SAN FRANCISCO (AP) — Buster Posey, Pablo Sandoval and the rest of the San Francisco Giants can study the scouting reports and videotape all they want, trying to find the secret to getting a hit against Cliff Lee.
Or, they can just ask Cody Ross.
Because many years ago, before he blossomed into the MVP of the NL championship series, Ross was a struggling rookie with the Detroit Tigers. Who happened to hit his first major league home run off Lee. A grand slam, at that.
Of course, Lee was early in his career, too. He hardly had become Mr. Perfect in the postseason, the left-hander who will pose a giant challenge for San Francisco when it faces the Texas Rangers in Game 1 of the World Series on Wednesday night.
“Cliff Lee, superhero,” summed up Sandoval.
Watch Lee from the center-field camera and it’s difficult to tell exactly what makes him so dominant.
David Price brings more heat. Andy Pettitte brought more October experience. But Lee beat them in the playoffs.
Maybe it’s the way he throws any of his pitches for strikes on any count. At any speed, too. A real-life version of a video game— try to duplicate that in “Major League Baseball 2K10.”
Lee is 7-0 with a 1.26 ERA in eight lifetime postseason starts heading into his matchup with two-time NL Cy Young winner Tim Lincecum in the opener. Lee went 3-0 this year in the AL playoffs, striking out 34 and walking just one.
Lincecum and Lee pose an intriguing matchup of opposite artisans. The Giants’ lanky ace’s pitches have dizzying movement, while Lee is able to adjust his pinpoint control for an umpire’s strike zone.
Lee’s severe strikeout-to-walk ratio has prompted many to suggest the best strategy is to hit the first strike he throws, rather than risk falling behind in the count.
A win over the Giants will tie Lee for the best start in postseason history—Orlando “El Duque” Hernandez, with all his quirky gyrations and deliveries, won his first eight decisions.
To Lee, it’s all rather routine. In fact, there was a neat picture of him during the playoffs, yawning in the dugout at Yankee Stadium.
Sure doesn’t look like someone pitching in huge games.
“I don’t really look at it like that,” Lee said a few days ago. “Some people might, I don’t feel any more pressure.”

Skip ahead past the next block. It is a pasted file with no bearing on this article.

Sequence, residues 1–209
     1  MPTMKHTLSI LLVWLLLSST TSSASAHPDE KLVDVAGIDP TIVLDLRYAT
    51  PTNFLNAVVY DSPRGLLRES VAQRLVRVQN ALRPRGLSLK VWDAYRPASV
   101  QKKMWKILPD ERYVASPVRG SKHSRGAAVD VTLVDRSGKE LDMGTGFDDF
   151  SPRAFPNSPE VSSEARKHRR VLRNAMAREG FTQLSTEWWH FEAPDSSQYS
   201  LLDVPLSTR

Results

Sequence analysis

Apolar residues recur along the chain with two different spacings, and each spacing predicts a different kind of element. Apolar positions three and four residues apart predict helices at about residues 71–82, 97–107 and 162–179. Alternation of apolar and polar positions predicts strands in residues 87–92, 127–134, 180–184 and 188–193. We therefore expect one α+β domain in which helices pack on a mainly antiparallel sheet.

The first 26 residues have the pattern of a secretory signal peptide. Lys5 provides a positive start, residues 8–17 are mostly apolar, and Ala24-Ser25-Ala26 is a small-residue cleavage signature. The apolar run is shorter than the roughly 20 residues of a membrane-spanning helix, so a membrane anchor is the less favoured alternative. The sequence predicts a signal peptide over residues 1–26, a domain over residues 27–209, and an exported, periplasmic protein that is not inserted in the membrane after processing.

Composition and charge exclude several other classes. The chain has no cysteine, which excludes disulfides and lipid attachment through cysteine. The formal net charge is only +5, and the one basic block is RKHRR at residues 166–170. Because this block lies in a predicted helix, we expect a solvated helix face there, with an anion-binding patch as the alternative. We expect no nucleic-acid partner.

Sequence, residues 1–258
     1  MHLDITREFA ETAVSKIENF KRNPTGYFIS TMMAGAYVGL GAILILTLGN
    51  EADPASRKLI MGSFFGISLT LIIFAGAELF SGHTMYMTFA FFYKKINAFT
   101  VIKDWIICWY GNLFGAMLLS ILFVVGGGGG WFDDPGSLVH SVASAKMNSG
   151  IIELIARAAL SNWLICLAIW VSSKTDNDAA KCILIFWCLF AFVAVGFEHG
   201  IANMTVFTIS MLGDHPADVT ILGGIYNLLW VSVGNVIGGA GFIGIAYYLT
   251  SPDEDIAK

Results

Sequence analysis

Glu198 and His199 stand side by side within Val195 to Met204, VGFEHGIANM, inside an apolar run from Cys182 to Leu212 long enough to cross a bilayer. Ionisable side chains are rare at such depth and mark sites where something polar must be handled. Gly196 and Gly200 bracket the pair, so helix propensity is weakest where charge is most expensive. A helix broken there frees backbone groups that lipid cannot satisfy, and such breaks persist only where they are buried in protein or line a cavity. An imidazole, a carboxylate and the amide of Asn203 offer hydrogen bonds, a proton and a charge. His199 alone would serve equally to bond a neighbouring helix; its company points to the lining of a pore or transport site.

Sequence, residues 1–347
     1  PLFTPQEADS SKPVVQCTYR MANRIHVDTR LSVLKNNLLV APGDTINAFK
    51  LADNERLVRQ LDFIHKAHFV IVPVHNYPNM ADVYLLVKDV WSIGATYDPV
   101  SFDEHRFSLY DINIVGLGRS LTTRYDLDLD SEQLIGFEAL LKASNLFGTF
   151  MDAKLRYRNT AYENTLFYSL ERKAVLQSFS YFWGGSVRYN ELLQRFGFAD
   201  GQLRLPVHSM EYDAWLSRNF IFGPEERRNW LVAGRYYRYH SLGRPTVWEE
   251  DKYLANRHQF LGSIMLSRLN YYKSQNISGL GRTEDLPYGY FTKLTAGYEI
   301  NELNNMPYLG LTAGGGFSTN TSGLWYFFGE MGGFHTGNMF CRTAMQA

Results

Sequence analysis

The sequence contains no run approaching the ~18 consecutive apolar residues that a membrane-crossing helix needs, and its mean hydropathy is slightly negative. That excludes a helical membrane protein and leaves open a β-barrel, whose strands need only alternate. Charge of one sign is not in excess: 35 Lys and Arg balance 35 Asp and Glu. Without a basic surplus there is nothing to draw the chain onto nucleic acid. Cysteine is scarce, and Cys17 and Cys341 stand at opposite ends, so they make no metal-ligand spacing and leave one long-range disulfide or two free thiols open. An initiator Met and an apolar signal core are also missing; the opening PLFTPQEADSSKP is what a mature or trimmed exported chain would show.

Lee has been equally perfect against the Giants—three starts, three wins and a 1.13 ERA. He last faced them in 2009 in his first start after being traded from Cleveland to Philadelphia, and breezed at AT&T Park.
“Weather and clubhouse and the bullpens” are different, he said. “Once you get on the mound, it’s 60 feet, 6 inches and you’ve still got a professional hitter in there trying to do damage off of you. To me, that doesn’t really matter that much.”
Several of the Giants have faced Lee many times.
Juan Uribe is 11 for 37 (.297) with two homers against him. Jose Guillen is 9 for 25 (.360) with two homers. Aaron Rowand is 7 for 25 (.280) with four doubles and a home run. Aubrey Huff is 5 for 19 (.263).
Rowand is willing to give any advice he can.
“You can watch video. You can talk to them about what his out pitches are, what he likes to do when he’s ahead, and with runners on,” he said.
Then there’s Ross.
Ross had played a handful of games in the majors and had only two career hits when he faced Lee on Sept. 2, 2003. Ross struck out looking his first time up, but got more than even in his next at-bat, launching the first grand slam ever allowed by the young Cleveland lefty.
The game was memorable for Ross because of something else. In the late innings, he tripped over first base beating out a bunt, tore his knee, was carted off the field and done for the season.
Both Ross and Lee have come quite a way since then. They haven’t faced each other since the slam, either. Ross promises his team will be ready for baseball’s No. 1 postseason ace, having already solved the supposedly unbeatable Roy Halladay in the NLCS opener.
“It was the Halladay show a week ago after he threw the no-hitter against the Reds,” Ross said. “We’re not surprising anybody, believe me. Everybody knows how good our pitching staff is. But I think we prefer for everyone to talk about everybody else.”
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